Edmond Halley planted this constellation in the southern sky in 1678 as a patriotic gesture to his monarch, Charles II of England. It commemorated the oak tree in which King Charles hid after his defeat by Oliver Cromwell’s republican forces at the Battle of Worcester in 1651. Halley formed the constellation from stars that were previously part of Argo Navis.
The invention arose out of Halley’s visit to the island of St Helena in the south Atlantic Ocean in 1676 to observe the southern sky. He presented his results to the Royal Society in London on his return in 1678 and the following year published his catalogue of southern stars, Catalogus Stellarum Australium, with an accompanying map, both of which included the new constellation.
Halley listed 12 stars in Robur Carolinum. The brightest of them, in the tree’s roots, was the second-magnitude star we now know as Beta Carinae, a later designation assigned by Nicolas Louis de Lacaille. The fourth star in Halley’s list, placed among the branches, was the peculiar eruptive variable now known as Eta Carinae, another Lacaille designation; Halley’s catalogue was the first record of it.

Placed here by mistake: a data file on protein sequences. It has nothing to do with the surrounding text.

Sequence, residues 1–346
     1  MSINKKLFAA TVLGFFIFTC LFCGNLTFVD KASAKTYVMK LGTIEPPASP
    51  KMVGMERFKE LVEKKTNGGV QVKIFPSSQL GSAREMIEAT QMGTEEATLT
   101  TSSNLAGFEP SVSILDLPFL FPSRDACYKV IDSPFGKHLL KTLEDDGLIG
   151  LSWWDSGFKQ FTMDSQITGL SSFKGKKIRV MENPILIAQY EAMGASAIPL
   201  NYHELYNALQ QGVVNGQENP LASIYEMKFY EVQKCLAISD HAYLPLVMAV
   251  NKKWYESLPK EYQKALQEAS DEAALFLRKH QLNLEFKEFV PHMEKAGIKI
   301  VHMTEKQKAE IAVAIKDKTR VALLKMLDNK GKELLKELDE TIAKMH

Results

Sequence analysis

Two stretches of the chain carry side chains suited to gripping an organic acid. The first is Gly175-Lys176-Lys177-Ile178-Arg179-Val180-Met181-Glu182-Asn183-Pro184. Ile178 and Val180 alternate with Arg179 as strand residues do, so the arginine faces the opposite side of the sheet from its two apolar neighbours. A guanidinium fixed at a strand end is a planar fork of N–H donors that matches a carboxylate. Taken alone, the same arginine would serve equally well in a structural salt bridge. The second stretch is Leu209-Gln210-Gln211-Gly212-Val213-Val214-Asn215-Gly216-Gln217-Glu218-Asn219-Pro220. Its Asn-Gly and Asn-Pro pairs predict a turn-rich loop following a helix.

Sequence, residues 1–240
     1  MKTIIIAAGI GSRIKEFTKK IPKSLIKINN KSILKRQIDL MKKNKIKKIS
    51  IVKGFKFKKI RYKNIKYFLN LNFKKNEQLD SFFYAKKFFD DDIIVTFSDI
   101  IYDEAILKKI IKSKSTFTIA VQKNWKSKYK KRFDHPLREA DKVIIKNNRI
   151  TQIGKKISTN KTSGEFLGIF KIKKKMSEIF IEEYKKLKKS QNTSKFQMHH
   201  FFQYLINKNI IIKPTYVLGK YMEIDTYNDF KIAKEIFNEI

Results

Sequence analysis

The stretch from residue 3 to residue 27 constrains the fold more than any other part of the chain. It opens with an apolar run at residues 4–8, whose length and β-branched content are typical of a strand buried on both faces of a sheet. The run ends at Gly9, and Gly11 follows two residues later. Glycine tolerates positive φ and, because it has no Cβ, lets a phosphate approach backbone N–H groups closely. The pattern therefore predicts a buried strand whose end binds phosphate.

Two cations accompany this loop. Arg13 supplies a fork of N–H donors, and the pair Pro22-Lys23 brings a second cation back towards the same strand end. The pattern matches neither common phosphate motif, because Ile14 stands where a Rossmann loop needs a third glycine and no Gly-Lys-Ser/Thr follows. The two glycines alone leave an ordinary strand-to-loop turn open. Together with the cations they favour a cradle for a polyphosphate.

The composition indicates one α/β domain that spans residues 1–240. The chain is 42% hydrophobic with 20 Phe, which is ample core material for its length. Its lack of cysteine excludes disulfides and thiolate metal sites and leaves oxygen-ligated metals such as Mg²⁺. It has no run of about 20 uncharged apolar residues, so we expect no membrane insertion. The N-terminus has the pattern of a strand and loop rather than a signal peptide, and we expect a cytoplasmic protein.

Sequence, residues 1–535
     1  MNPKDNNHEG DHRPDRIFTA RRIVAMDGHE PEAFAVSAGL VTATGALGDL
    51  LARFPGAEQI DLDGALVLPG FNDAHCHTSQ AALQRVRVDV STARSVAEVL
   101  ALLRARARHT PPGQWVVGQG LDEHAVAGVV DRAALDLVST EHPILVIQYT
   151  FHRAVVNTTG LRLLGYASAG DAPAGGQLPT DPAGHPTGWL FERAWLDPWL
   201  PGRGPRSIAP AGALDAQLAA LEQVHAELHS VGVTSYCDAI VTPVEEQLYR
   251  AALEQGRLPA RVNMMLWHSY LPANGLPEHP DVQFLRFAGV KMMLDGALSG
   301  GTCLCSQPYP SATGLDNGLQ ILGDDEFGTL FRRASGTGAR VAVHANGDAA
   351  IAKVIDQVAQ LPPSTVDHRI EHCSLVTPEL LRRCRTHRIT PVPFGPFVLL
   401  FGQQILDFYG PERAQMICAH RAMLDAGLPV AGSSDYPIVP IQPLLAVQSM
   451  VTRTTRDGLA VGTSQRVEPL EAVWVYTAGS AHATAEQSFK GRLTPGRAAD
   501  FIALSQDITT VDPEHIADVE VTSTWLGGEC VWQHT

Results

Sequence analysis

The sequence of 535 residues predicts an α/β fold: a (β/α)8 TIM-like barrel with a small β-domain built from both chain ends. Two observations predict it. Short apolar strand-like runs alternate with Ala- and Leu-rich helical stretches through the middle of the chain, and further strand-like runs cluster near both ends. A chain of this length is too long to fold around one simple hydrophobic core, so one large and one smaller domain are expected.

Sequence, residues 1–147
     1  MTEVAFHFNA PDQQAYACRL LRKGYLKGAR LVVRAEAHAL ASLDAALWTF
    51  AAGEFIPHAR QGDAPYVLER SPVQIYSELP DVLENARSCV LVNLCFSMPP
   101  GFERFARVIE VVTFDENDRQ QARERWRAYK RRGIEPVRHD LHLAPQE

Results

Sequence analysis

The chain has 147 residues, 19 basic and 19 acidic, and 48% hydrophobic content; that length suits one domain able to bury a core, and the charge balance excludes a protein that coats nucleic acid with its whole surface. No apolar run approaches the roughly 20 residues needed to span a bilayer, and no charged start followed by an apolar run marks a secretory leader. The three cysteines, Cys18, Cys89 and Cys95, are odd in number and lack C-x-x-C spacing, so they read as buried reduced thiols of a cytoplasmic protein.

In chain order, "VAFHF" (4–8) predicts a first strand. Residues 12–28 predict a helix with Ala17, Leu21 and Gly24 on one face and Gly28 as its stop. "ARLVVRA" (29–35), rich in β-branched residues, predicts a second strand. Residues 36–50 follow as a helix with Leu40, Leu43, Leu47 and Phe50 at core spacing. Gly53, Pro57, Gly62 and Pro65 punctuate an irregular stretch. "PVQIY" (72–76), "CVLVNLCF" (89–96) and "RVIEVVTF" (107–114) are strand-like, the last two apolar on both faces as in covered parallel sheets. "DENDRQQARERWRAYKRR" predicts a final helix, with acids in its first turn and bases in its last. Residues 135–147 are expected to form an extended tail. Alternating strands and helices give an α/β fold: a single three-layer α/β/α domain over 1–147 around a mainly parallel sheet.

Above: Robur Carolinum shown under the name Robur Caroli II on Chart XX of the Uranographia of Johann Bode (1801). It was positioned where the hull of Argo Navis (bottom of picture) was cut off, a place occupied on other maps by either the Clashing Rocks or clouds.
Halley described his new constellation as being a ‘perpetual memory’ of the King, but it turned out to be less permanent than either of them would have hoped. The royal oak was uprooted by the French astronomer Nicolas Louis de Lacaille who mapped the southern stars more comprehensively 75 years after Halley. Most astronomers followed suit in ignoring this genuflection to an English king, although Bode included it on his Uranographia atlas of 1801 as Robur Caroli II (see illustration).
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